PORTLAND, Ore. — Oregon Gov. Kate Brown released a new vaccine eligibility timeline Friday morning that moves up some eligibility dates and establishes May 1 as the date all Oregonians 16 and older will be eligible to receive the COVID-19 vaccine.
Starting Monday, counties that attest in writing they've vaccinated the majority of residents 65 and older can begin vaccinations for the next eligible group. Migrant and seasonal farmworkers who have already started working can start receiving the vaccine that day.
On March 29, all adults 45 to 64 who have underlying health conditions, agricultural, migrant and seasonal farm workers, people in congregate living and those experiencing homelessness will be eligible for the vaccine.
Three weeks after that, on April 19, frontline workers as defined by the CDC (including grocery workers, public transit workers and U.S. Postal Service workers — see Page 2 of the document below for a complete list), multigenerational household members and adults 16 to 44 who have underlying health conditions can start receiving the vaccine.
Twelve days later, on May 1, all Oregonians 16 and older will become eligible to receive the vaccine.
During Friday’s briefing, both Brown and Allen were clear that the timeline is dependent on the federal government sending the expected amount of doses to the state. They also said that after each date in the timeline, when more Oregonians become eligible, there will be a temporary bottleneck as the supply of vaccines catches up to the number of people trying to get a vaccination.
Even though all Oregon adults will be eligible on May 1, not everyone will be able to get an appointment immediately.
“I want to be crystal clear,” Allen said. “Not every Oregonian will have a vaccination appointment waiting for them. It will take a few weeks for supply to catch up to demand.”
Allen said that as long as the expected number of doses arrives from the federal government, the state will have enough vaccine by the end of May for every Oregon adult to get a first dose. Allen outlined how the state expects to reach that target.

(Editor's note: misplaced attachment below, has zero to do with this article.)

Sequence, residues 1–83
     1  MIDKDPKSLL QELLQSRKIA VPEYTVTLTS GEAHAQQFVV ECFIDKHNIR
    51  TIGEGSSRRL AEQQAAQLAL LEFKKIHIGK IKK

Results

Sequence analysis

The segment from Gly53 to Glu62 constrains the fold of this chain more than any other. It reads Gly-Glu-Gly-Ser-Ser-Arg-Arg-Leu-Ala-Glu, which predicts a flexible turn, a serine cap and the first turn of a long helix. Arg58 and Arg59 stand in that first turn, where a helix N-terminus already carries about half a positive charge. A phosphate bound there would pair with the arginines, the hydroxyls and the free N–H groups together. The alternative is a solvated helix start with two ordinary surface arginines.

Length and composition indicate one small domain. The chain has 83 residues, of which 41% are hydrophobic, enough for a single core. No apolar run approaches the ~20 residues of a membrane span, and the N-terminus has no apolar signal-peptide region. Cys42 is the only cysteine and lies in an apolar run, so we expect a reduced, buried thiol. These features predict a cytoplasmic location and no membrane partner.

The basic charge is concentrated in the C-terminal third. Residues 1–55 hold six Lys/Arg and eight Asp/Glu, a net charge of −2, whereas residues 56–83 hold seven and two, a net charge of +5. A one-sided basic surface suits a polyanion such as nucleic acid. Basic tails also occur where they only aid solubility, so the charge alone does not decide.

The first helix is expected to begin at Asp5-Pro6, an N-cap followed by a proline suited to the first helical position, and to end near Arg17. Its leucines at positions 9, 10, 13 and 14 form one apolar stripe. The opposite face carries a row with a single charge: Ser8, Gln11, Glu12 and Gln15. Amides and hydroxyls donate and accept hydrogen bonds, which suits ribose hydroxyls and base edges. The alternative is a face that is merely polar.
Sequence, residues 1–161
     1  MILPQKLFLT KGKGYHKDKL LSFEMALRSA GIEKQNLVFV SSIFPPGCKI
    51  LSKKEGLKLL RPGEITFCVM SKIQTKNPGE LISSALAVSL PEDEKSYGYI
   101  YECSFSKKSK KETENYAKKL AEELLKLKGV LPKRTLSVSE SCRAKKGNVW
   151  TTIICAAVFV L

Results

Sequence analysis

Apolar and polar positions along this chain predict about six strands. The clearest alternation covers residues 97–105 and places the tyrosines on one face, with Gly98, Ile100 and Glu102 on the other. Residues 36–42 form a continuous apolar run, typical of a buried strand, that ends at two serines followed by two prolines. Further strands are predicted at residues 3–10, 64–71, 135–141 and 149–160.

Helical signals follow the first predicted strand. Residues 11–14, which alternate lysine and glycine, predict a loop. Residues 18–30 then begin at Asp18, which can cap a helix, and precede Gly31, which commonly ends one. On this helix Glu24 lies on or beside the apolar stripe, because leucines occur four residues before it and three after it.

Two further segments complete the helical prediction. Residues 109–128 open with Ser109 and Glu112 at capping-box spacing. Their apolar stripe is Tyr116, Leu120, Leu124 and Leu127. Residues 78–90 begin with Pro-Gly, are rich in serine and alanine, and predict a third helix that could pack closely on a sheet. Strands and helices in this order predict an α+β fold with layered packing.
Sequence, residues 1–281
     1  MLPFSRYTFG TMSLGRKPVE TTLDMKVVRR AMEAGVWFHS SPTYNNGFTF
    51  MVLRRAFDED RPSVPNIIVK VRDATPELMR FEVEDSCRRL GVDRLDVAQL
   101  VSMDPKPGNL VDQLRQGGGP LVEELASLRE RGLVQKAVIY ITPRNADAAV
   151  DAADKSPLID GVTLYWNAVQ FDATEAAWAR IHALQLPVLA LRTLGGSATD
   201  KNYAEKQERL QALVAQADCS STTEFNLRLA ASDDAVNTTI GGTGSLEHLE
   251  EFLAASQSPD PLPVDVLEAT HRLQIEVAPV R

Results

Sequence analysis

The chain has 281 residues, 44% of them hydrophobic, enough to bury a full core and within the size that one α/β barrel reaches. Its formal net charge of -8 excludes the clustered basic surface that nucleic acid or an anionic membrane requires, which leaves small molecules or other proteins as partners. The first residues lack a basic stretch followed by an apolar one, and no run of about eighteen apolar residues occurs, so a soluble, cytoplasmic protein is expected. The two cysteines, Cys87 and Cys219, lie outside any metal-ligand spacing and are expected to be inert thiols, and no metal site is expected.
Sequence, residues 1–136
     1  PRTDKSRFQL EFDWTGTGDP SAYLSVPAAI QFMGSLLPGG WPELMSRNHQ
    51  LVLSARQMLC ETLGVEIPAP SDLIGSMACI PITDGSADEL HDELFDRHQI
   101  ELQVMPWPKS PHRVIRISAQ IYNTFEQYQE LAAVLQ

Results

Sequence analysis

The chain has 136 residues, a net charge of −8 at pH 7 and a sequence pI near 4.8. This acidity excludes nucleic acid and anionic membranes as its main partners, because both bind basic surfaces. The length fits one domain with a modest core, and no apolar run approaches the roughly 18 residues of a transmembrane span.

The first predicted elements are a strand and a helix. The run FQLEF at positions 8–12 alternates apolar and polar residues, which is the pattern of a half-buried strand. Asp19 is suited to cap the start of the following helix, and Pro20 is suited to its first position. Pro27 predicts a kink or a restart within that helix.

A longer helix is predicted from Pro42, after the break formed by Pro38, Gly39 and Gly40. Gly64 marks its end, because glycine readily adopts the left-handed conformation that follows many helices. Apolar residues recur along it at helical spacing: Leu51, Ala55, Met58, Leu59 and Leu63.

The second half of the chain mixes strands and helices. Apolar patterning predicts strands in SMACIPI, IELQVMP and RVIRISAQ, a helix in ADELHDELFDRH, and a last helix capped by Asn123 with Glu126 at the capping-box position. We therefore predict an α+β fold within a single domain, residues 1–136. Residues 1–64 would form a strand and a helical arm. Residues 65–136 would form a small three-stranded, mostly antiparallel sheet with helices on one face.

March 29: The total number eligible people in Oregon will exceed 2 million. By that time, Oregon will have received about 1.4 million doses and will have administered first doses to close to 1.2 million people. By April 19, the state will have the vaccines and capacity to administer between 1.7 and 1.9 million first doses, which is more than three-fourths of the eligible population at that time.
April 19: The total number of eligible people will exceed 2.8 million. Allen cautioned that there will be a temporary traffic jam as supply catches up to demand, but by May 1, the state expects to have received approximately 2.5 million doses, enough supply to vaccinate almost 90% of eligible people at that time.
May 1: The total number of eligible people will exceed 3.2 million. Again, the state will see a temporary bottleneck while supply catches up to demand, but by the end of May, Oregon expects to receive 3.3 million first doses, enough vaccine to give every adult Oregonian at least one shot.
Oregon vaccine timeline
- Counties that attest to largely completing the vaccination of residents 65 and older may begin vaccinating the next eligible groups
- Vaccinations may also begin for migrant and seasonal farmworkers in counties where they are currently already working
March 29 | Phase 1B, Group 6
- All adults 45-64 with underlying health conditions
- Migrant and seasonal farm workers
- Seafood and agricultural workers
- Food processing workers
- People living in low-income senior housing, senior congregate and independent living
- Individuals experiencing homelessness
- People currently displaced by wildfires
- Wildland firefighters
- Pregnant people 16 and older
April 19 | Phase 1B, Group 7
- Frontline workers as defined by the CDC
- Multigenerational household members
- Adults 16-44 with underlying health conditions
- All Oregonians, 16 and older
More coverage of the COVID-19 vaccine: